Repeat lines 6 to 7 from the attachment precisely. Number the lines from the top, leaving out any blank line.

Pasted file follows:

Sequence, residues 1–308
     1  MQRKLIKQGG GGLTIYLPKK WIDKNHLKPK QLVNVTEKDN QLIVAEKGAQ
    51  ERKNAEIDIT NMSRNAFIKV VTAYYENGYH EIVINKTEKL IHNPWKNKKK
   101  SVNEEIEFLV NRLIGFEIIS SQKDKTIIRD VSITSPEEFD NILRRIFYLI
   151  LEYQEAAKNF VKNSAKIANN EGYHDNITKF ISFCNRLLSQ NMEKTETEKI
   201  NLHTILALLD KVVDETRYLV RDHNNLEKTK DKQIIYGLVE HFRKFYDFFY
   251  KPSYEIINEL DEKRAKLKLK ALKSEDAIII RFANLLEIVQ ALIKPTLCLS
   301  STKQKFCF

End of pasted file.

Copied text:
   201  NLHTILALLD KVVDETRYLV RDHNNLEKTK DKQIIYGLVE HFRKFYDFFY
   251  KPSYEIINEL DEKRAKLKLK ALKSEDAIII RFANLLEIVQ ALIKPTLCLS